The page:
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Tips for Landscaping a Yard with No Grass



If you have a yard that is too shaded, has poor soil, or that you don’t want to have to use a lot of water to maintain, then forgoing grass may be a smart move. Regardless of the reason why you don’t have grass, your yard can still look great. All you need is the right landscaping ideas and a bit of creativity.

Tips for Landscaping a Shaded Yard

For grass to stay healthy, it requires a lot of sunshine. If your yard remains shaded most of the time, choose plants that like the shade to get the best results. Try to find plants that have nice-looking foliage rather than flowers. Some ideas to consider include:

  • Native Plants: Try to find forest-dwelling plants that are sold at the local nursery. These will be properly adapted to growing in shady areas and usually don’t require any fertilizer or other types of maintenance.

  • Groundcover: These are considered low-lying plants and will never get more than 12 to 18 inches tall. It is possible to grow them alone or plant them between taller plants to cover bare areas on the ground.

  • Taller Plants: European ginger, astilbe, and Japanese painted fern can help break up the flat plane created by shorter ground cover in a shaded yard.

  • Sitting Areas and Paths: A shady yard is the ideal location to relax so you can create an outdoor haven with brick pathways, furniture, hammocks, benches, and stone pavers. You can also add garden art, trellises, and bird fountains to increase the vertical interest in your yard.

Tips for Landscaping a Yard with Subpar Soil

If you are dealing with heavy clay soil, can’t get anything to grow, or have nutrient-poor soil, it may be a matter of planting the wrong things. While this can be frustrating, there are some things you can try that will grow well, even in poor soil. These include:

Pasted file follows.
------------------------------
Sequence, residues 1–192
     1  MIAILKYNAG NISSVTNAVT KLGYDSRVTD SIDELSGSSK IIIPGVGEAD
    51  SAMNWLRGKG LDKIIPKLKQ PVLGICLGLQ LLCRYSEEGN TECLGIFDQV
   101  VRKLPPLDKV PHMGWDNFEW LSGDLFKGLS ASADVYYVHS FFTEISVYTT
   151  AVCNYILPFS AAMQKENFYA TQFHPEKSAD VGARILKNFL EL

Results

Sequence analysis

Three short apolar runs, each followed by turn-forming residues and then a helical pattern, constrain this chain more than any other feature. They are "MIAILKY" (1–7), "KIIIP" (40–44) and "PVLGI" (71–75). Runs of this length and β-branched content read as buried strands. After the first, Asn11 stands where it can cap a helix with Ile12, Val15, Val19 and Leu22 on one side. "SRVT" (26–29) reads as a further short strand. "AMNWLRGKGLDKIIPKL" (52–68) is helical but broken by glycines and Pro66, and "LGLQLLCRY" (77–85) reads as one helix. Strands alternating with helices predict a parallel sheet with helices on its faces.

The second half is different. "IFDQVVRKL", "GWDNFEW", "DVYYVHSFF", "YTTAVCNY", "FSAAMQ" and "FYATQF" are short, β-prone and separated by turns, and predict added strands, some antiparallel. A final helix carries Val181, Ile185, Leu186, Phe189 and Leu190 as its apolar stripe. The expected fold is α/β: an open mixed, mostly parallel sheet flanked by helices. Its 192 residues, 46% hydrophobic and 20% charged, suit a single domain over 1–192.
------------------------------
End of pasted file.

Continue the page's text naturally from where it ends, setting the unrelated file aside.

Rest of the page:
• Black Jack Sedum: This is easy to grow and maintain and produces light pink blossoms with dark purple foliage. These will grow to be three feet tall and thrive in full sun.

  • Bleeding Hearts: These feature heart-shaped blossoms that can add a cottage-like feel to the landscape. Bleeding hearts prefer to be partly in the shade.

  • Periwinkle: This is a type of creeping groundcover that grows star-shaped blossoms and can grow to be a foot tall. It is a plant that prefers to be partially in the shade, and wherever it is planted, it will prevent the growth of weeds.

  • Lenten Roses: This is a tough plant that can grow even in drought, humidity, heat, and poor soil. They will grow to be up to two feet tall and want full shade or part sun.

As you can see, you have several options to landscape your yard, even if grass isn’t an option. Keep the information here in mind to see what type of things you can grow in your yard. Once you plant the right things, you will love spending time in your yard and enjoying the peaceful oasis you create.


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